Bored with standard Japanese? Spice it up with a regional dialect!

  1. Japanese Dialects *** Provides basic examples of some of the most common dialects (Kyoto-ben, Hiroshima-ben, Nagoya-ben, Sendai-ben, Hokkaido-ben, Osaka-ben, and Hakata-ben). You can view the page in English (romaji), Japanese, or Chinese.
  2. 関西弁 **** A great site devoted to Kansai-ben, which includes Kyoto, Osaka, Hyogo, Nara, and other prefectures in the Kansai region.
  3. Getting Started with Hokkaido Dialect (Tofugu) *** Links to further resources are at the bottom of their article.

What I Previously Used


  1. I was using SpeedAnki (JLPT kanji flashcard website) sporadically, but it seems the site has shut down, so obviously I won’t be using it anymore! I only made it through half of the new N4 deck before it shut down. I liked it though; it was a good resource for drilling and included example sentences.
  2. GenkiJapan.Net *** Richard has wonderful tips and advice on more than just learning Japanese! Practically everything he says in his videos is useful. His website design is rather basic, but the content is good, especially for beginners and for those looking for little bits of cultural insight. I used his website and videos mainly for inspiration.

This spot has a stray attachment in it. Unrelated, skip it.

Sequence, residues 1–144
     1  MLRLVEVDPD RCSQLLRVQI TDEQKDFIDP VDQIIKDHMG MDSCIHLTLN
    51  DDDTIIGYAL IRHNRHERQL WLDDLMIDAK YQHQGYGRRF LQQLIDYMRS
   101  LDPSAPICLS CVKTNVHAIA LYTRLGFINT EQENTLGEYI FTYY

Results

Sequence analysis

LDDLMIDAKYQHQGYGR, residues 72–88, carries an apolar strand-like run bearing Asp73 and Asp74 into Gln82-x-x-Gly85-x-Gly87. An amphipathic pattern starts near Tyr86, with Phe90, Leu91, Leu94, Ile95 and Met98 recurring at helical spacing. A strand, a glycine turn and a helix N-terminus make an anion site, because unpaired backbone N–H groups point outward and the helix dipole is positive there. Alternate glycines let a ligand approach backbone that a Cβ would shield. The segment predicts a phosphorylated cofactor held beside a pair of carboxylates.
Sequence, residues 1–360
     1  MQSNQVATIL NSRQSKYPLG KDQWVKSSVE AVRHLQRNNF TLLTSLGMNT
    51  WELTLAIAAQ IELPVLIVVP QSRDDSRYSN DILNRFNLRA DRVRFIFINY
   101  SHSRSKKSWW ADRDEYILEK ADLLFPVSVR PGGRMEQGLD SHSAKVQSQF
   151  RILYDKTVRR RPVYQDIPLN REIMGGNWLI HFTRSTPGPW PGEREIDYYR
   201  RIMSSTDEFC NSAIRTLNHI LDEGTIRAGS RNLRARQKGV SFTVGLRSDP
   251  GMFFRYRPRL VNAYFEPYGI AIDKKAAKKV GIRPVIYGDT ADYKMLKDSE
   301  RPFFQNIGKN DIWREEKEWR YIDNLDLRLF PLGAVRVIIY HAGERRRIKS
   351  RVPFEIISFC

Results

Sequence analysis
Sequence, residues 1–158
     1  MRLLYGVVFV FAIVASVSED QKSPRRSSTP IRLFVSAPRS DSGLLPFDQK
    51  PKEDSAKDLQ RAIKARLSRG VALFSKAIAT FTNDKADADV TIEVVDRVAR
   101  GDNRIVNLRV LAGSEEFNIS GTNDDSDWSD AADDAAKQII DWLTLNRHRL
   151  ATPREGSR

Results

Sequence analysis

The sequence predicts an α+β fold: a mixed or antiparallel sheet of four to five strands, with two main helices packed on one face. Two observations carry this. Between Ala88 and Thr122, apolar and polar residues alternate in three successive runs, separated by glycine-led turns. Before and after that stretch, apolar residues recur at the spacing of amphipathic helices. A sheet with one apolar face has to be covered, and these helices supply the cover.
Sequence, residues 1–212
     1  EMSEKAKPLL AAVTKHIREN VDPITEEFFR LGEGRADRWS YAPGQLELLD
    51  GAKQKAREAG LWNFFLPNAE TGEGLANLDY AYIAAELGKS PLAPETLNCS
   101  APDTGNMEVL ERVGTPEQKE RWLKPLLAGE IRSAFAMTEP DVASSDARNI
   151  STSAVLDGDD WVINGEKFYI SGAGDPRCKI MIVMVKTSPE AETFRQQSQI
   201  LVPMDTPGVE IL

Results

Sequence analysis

1. Living Language Japanese Complete Edition *** (Platinum Edition here) I have the 2005 Basic Coursebook only, so the one I’ve linked you to is an updated and complete version. While this book helped me a lot initially, it started me off poorly in that I knew what a lot of words were in sound and meaning, but I couldn’t read them if they were shown to me in kanji because the book taught exclusively in romaji until the last few pages of the book. In addition, I only had the coursebook. I had no audio CD, workbook, or any other part of the course.
  2. Tuttle Learning Hiragana and Katakana Workbook ***** I bought this when I decided to get serious about learning to read and write the kana. It’s really interesting in that it gives you the history behind the kana and lots of practice areas to, well, practice.